Multiple Adjectives in Hawaiian

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Riptide
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Multiple Adjectives in Hawaiian

Postby Riptide » 2010-03-12, 3:59

Hi. I was just wondering how multiple adjectives work in Hawaiian. Here's an example sentence:

The large, fierce shark chased the fish around the entire ocean.

How would I say that in Hawaiian? Also, is there a rule about multiple adjectives in general?
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kahihi'o
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Re: Multiple Adjectives

Postby kahihi'o » 2010-03-17, 0:52

Translations might differ. I'd word the translation something like this below.

The large, fierce shark chased the fish around the entire ocean.
Ua alualu ka manō nui a weliweli i ka iʻa a puni ka moana.


If there are two adjectives, I would separate them with the word a ("and"). It is also possible to say, manō nui weliweli with the same meaning. I think the first one would be more common though.

In Hawaiian, having two or more adjectives following a noun is relatively rare. But here is an example of three adjectives occurring together.

He poʻe liʻiliʻi, nāwaliwali naʻaupō mākou (Alexander, 1864, p.30).
We are small, weak ignorant people.
I nui ke aho a moe i ke kai, no ke kai kā hoʻi ua ʻāina.

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Re: Multiple Adjectives

Postby Riptide » 2010-03-17, 3:44

Interesting. Anyways, mahalo. I'm thinking about learning Hawaiian, yet I'm also thinking of learning Samoan or continuing Māori. But I haven't decided yet. :)
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Re: Multiple Adjectives

Postby kahihi'o » 2010-03-17, 8:05

Cool. :P If you're interested in Hawaiian, there are a lot of resources available for free online nowadays. For example, we have an online dictionary, multiple digitized books including a Hawaiian language course book and grammar book, mp3 recordings of interviews with native speakers, and a short, daily Hawaiian language news segment.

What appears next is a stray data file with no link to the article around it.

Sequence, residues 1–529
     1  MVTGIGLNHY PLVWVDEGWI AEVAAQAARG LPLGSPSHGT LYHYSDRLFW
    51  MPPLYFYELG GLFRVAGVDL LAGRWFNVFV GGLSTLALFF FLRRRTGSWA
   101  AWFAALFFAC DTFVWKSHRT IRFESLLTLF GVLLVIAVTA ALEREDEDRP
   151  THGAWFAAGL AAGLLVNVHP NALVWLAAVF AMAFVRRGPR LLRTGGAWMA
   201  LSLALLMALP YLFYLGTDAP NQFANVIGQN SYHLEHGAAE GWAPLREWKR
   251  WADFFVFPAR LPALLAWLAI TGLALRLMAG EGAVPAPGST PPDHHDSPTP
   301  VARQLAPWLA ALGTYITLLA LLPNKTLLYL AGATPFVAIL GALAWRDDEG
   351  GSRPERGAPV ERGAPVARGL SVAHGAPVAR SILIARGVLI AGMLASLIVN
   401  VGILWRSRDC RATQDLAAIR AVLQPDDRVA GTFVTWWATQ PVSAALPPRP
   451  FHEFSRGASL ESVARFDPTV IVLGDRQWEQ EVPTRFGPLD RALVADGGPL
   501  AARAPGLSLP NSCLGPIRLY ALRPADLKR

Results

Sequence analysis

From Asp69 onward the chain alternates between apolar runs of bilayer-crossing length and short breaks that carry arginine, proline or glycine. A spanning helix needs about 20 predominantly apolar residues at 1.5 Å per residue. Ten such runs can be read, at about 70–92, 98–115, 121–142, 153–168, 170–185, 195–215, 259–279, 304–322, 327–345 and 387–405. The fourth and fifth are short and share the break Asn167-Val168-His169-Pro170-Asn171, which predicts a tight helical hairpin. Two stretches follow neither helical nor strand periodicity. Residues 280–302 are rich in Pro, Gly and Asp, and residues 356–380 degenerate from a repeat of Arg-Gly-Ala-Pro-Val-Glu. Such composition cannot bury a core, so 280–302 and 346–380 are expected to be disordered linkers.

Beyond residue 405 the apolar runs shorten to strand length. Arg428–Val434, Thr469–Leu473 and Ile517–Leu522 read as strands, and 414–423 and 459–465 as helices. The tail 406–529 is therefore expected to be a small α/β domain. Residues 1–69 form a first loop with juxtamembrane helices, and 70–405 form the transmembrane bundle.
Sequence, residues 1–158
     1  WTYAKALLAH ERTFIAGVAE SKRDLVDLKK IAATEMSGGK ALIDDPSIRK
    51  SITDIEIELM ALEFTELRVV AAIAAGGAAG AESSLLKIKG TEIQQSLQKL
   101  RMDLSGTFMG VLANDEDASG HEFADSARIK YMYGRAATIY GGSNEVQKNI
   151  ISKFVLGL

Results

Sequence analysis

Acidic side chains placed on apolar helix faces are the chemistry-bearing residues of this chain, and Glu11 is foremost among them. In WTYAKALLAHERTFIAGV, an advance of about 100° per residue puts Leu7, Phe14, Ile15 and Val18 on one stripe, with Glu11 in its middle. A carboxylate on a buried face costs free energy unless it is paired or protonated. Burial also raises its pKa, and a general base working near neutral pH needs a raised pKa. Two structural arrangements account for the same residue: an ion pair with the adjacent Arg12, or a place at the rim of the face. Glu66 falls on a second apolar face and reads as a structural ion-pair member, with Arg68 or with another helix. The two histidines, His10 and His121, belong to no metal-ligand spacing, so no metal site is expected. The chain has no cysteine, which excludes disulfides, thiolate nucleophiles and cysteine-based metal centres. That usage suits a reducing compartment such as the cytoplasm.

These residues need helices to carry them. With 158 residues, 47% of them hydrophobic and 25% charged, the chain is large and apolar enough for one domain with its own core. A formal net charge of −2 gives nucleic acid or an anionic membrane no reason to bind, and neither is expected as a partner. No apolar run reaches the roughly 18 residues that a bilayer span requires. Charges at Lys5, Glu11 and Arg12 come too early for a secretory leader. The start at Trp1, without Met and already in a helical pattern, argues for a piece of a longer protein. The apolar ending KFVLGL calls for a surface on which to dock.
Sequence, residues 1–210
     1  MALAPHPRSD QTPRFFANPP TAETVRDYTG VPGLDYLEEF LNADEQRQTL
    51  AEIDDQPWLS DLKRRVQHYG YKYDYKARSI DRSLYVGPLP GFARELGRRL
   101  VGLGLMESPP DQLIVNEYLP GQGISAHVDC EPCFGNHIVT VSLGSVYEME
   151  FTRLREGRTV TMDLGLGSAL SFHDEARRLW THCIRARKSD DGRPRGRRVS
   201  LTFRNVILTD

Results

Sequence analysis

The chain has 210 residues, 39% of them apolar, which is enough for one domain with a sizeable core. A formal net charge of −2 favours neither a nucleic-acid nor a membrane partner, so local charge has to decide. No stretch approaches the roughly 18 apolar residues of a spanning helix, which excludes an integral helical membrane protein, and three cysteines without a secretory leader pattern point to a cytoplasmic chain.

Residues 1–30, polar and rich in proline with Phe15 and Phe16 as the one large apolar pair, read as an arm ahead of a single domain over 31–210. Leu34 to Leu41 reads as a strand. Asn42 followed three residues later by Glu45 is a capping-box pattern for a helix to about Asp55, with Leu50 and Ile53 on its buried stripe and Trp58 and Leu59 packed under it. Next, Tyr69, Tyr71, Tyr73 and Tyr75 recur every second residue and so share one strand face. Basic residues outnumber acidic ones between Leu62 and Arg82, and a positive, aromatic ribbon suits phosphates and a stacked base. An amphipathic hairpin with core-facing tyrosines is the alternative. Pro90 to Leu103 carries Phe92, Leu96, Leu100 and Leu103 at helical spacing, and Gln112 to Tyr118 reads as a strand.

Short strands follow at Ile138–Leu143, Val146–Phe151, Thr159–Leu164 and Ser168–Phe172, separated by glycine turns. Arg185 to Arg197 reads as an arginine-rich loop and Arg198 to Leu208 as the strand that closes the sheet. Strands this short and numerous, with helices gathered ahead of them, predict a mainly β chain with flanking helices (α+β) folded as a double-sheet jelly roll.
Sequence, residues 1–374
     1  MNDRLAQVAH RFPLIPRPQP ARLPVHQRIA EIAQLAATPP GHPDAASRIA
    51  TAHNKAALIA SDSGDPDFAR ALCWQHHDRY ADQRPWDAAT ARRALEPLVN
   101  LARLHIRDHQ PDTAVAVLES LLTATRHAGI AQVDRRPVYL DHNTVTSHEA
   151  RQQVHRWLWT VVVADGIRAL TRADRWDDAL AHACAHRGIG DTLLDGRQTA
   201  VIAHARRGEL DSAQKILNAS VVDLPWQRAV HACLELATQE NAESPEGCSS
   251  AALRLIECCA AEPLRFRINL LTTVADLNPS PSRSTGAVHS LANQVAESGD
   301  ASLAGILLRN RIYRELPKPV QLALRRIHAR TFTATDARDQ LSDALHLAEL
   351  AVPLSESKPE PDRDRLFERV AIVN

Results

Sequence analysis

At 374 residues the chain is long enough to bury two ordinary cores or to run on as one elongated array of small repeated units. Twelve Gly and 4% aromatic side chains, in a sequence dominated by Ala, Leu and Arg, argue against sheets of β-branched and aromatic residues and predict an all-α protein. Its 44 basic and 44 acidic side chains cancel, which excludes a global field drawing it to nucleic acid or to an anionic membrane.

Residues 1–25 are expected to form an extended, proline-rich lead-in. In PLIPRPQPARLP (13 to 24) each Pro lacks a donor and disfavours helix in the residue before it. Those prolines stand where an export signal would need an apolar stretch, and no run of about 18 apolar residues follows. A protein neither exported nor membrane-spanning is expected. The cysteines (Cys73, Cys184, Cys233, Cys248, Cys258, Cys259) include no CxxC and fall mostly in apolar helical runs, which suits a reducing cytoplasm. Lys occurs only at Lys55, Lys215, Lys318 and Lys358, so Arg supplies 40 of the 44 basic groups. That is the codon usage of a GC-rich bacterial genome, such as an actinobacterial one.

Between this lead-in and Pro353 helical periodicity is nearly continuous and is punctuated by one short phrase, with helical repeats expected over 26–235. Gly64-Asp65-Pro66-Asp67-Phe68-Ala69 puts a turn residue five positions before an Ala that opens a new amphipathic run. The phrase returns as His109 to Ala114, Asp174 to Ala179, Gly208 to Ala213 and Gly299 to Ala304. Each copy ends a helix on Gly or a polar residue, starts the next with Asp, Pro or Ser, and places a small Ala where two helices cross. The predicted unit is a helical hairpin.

Samoan and Māori are definitely interesting. I'm thinking about learning Tongan or Samoan soon, since they are a bit more different from Hawaiian than Māori. :D

Heck, if I were smart enough I'd like to learn them all. But it would probably take me a very long time. :(
I nui ke aho a moe i ke kai, no ke kai kā hoʻi ua ʻāina.

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Re: Multiple Adjectives

Postby Riptide » 2010-03-17, 10:18

Agreed. Well, I'll look into these sites. Thanks by the way for providing me with these. As for the other languages, it might take a while to learn all of them, but I want to learn at least one or two of them. Anyways, you said that Samoan and Tongan are more different different than Hawaiian and Māori. How similar would you say are Hawaiian and Māori? I thought they were two entirely different languages.
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Re: Multiple Adjectives

Postby kahihi'o » 2010-03-18, 1:30

Riptide wrote:Agreed. Well, I'll look into these sites. Thanks by the way for providing me with these. As for the other languages, it might take a while to learn all of them, but I want to learn at least one or two of them. Anyways, you said that Samoan and Tongan are more different different than Hawaiian and Māori. How similar would you say are Hawaiian and Māori? I thought they were two entirely different languages.


Hawaiian and Māori are actually very closely related languages. Both are Eastern Polynesian languages. Hawaiian falls into the Marquesic subgroup and Māori falls into the Tahitic. Below is a family tree of Polynesian languages.

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To illustrate the similarity between Hawaiian and Māori, this is a word list from the Māori forum. We have cognates for almost all of these in Hawaiian, as shown below.

riki wrote:Koe - you (singular)
Kōrua - you two (dual)
Koutou - you (plural)
Au/hau/wau - I/me
Katoa - All
Auē - Interjection of sadness
Kaiako - Teacher
Māori - Polynesian
hiakai - Hungry
hiawai - Thirsty (for water)
Koa - Joy, happy
Ātaahua - beautiful
Matenga - death, sickness
ata - morning
awatea - midday
ahiahi - afternoon
pō - night
noho - sit
tomo - enter
Haere mai - welcome
tika - correct
mea - thing
Ināianei - now
Ākuanei - soon
Āe - yes
Kāo - no
Ingoa - name
Ingoa mōkai- nickname
Pai - good
Kino - bad
Tino kino - really bad
Pēhea - how


In Hawaiian:

ʻoe
ʻolua
ʻoukou
au, wau
ʻākoakoa (?)
auē
maoli
makena
kakahiaka
awakea
ahiahi

noho
komo
hele mai
mea
auaneʻi
ʻae
inoa
ʻino
pehea
I nui ke aho a moe i ke kai, no ke kai kā hoʻi ua ʻāina.


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